Former Reserve Bank of India governor Raghuram Rajan has warned countries against using low interest rates to boost their economic growth, AFP reported on Monday. The economist said central banks across the world will find it difficult to raise their policy rates because of a fear that the move will “see growth slowdown”.
The former central bank chief told The New York Times that lowering interest rates “becomes the residual policy of choice” when “monetary policy is really easy”, AFP reported. He further said cuts in rates cannot be made a substitute for “other instruments of policy”, adding that “various kinds of reforms” will be needed to boost a country’s economic growth. He further told the daily that that the RBI had done “exactly what was needed” during his tenure by targeting inflation and forcing banks to begin a “clean-up” of bad debts on their ledgers.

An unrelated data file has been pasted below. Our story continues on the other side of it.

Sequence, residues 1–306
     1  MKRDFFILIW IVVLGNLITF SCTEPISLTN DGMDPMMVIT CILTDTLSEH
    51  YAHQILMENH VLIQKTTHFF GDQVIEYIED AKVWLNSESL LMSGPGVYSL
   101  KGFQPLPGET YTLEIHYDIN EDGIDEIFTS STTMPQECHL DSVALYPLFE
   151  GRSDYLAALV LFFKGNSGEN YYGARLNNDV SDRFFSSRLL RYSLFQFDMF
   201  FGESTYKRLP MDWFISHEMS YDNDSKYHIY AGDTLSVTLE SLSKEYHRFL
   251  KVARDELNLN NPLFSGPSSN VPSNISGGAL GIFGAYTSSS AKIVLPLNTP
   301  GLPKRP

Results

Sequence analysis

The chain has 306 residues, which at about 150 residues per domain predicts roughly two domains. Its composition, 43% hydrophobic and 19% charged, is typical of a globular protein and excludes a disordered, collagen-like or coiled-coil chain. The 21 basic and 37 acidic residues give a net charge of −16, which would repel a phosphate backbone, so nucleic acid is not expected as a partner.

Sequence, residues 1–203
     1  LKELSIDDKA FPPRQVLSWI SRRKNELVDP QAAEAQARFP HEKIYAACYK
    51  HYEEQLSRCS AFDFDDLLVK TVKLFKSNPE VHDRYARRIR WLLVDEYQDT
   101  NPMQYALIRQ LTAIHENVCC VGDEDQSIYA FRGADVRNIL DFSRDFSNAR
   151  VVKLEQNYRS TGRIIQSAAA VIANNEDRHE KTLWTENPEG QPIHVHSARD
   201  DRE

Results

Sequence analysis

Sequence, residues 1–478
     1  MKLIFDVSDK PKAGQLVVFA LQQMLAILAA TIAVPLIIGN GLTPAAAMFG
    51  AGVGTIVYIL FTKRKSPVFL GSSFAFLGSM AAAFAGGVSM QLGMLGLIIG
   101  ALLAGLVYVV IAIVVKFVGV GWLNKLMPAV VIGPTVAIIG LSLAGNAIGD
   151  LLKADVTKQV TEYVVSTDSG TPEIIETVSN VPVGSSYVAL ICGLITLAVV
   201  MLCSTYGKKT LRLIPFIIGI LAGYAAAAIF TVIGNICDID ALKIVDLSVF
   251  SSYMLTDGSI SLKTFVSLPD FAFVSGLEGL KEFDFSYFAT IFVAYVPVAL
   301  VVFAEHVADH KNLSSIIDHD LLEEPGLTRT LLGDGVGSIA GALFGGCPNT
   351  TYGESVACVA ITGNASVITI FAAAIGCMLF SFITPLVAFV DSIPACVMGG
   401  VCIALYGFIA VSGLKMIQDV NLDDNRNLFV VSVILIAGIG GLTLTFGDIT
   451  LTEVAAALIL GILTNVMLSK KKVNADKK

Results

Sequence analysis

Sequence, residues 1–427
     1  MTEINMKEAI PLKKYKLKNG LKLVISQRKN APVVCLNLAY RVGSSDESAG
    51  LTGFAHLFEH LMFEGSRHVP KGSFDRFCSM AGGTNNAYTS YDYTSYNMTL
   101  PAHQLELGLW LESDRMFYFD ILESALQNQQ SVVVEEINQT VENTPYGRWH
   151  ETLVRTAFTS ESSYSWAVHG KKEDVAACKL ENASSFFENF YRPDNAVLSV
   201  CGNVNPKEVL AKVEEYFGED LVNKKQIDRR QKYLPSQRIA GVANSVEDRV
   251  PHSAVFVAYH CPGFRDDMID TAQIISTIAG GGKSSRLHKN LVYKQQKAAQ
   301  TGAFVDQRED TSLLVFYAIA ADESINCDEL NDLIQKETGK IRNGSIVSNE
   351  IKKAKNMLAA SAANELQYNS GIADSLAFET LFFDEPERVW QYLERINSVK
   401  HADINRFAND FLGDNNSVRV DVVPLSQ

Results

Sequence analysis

Rajan had received criticism from various sectors for the RBI’s policies while he headed it. Among them was Bharatiya Janata Party leader Subramanian Swamy, who accused him of squeezing small and medium businesses as well as increasing unemployment in the country. Following Swamy’s criticism, the then-governor had announced he would not seek a second term. RBI Deputy Governor Urjit Patel was since named Rajan’s successor. He took over as governor on Sunday.